A Sentiment

God knew what He was doing when He sent a gentle breeze and brought a lovely butterfly to set my heart at ease. The happiness of your friendship and the gentleness of your words have touched my life in special ways and now I feel assured. Thank you for your loyalty and for reading everyday. I only hope you find things to make a happy day.

Friday, February 13, 2009

Be Patient Gardeners

After visiting so many of Blotanical's garden bloggers, I see an underlying theme...looking for spring. The blogs are full of pictures of tiny little shoots of green emerging from the cold earth. Pictures of swollen branches on shrubs, melting snow, trees starting to bud out. These pictures are just as glorious as those taken of the perfect rose during the warm months. We are all made out of the same cloth. We love our gardens and can't wait to get our hands in the dirt once again. After being cooped up all winter...we are all eagerly awaiting the first little snowdrop the first daffodil, a visit from the first robin. We must be patient though...some of our friends will be up later than others. Don't be too quick to get rid of a plant because some are taking longer.
Unless tucked into a protected spot, perennials at the northern edge of their hardiness zone tend to emerge later than we might otherwise expect.
The last plants to emerge in spring include Leadwort,Milkweed, False Indigo, Ferns, Balloon Flower and Hibiscus, including the shrub, Rose of Sharon. Ferns sometimes don't emerge until July.Bloodroot can be tardy the first year after planting. Lady's Slipper Orchids, Solomon's Seal and False Solomon's Seal sometimes don't appear above ground at all the first year after planting. However, they're establishing an astonishing network of roots and will be all the bigger and more beautiful the following year. That's not always much consolation the first year, though, we admit. We are an impatient breed.
The first year after planting, spring-blooming bulbs often delay their appearance. Daffodils in particular often bloom weeks later than established bulbs who've been in the garden for a couple of years. Lilies can also be slow the first year. It's all too easy to behead the bulbs when all the growth is still below ground, so mark the place where they're planted, and exercise caution during spring cleanup. Hydrangea and clematis are often slow to emerge...especially newly planted ones.

I've been out and checked on everything. My garden is coming along just as fast as Mother Nature will let it. There's no use hurrying...I have to learn patience. I can always go and paint a flower, or do the many projects that were scheduled for winter fun. As I sit here next to a window, I see the little hummingbird nest, still hanging on. The March winds will be here soon. Will it last till those wonderful little birds are here again. Only time will tell...patience!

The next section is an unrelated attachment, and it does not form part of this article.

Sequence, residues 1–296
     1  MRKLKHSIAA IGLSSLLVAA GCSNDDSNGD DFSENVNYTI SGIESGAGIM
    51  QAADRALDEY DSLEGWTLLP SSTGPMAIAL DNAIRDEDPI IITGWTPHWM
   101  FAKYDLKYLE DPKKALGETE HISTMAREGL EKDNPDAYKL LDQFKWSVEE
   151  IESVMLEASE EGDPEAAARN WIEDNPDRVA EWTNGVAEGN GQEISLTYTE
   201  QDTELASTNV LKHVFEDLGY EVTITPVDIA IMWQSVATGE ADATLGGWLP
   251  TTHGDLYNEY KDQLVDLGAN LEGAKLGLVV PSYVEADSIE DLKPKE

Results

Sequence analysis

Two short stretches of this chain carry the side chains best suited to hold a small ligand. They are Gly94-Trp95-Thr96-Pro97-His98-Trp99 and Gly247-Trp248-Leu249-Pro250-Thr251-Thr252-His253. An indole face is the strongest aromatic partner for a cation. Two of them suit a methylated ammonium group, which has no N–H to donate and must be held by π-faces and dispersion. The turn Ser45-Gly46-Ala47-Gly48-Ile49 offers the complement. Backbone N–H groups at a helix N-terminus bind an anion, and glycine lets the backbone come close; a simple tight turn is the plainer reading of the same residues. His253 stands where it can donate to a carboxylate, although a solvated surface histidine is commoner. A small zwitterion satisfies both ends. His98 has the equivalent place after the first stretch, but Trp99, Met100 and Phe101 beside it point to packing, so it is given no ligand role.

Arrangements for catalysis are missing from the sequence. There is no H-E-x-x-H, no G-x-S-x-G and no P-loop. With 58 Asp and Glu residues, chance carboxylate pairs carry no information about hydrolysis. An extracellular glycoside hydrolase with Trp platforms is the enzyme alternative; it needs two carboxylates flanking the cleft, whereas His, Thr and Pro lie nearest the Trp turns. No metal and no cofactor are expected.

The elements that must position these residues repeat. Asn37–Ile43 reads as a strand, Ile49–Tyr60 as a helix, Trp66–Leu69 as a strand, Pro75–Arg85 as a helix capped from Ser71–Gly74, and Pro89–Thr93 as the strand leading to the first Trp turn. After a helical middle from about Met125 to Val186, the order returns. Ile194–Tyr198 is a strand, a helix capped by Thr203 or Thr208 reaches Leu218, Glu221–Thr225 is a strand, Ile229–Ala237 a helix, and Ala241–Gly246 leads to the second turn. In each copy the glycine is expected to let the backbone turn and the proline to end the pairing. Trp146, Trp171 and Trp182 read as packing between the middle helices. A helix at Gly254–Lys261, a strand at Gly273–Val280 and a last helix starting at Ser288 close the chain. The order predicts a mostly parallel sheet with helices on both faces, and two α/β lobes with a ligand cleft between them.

nancybond said...

Of all the many things the garden teaches, I believe patience is at the top of the list. I guess we're all winter-weary here in the "north", anxious to get our hands in that warm earth again. But you're quite correct - we must be patient. Before you know it, we'll be scrambling to stay ahead of Spring's great rush! :) (I enjoy your blog very much.)

Balisha said...

Thankyou, so much Nancy. I enjoy your blog too.I'm looking for flower buds on my African violets right now. I need something blooming besides a pointsettia. :)

Hocking Hills Gardener said...

Mother Nature knows best and things will grow when they are suppose to. We are just itching to get out and get digging after a what seems to a long,wet, cold and snowy winter.We cold climate people all wish we had been born where gardens and flowers bloom all of the time :)

Roses and Lilacs said...

I would have loved to get out in the yard this week when we were having that amazing warm spell. Unfortunately my ground was the consistency of marshmallow fluff.

More snow tonight but it isn't supposed to last. Have a nice weekend.

Bonnie said...

My Easter lilies in one bed are poking their little leaves up. But we have had such a mixture of weather I don't know how plants know what to do. :-)

btw I came over from John's blog.

Balisha said...

Hello Lona, Marnie and Bonnie,
We are all in the wings watching to see what Mother Nature will bring us this year. Right now the ground is soggy, the little shoots are up and we stillwould need an artic parka to garden. Let's just stay in and have some tea. It'll come soon enough :)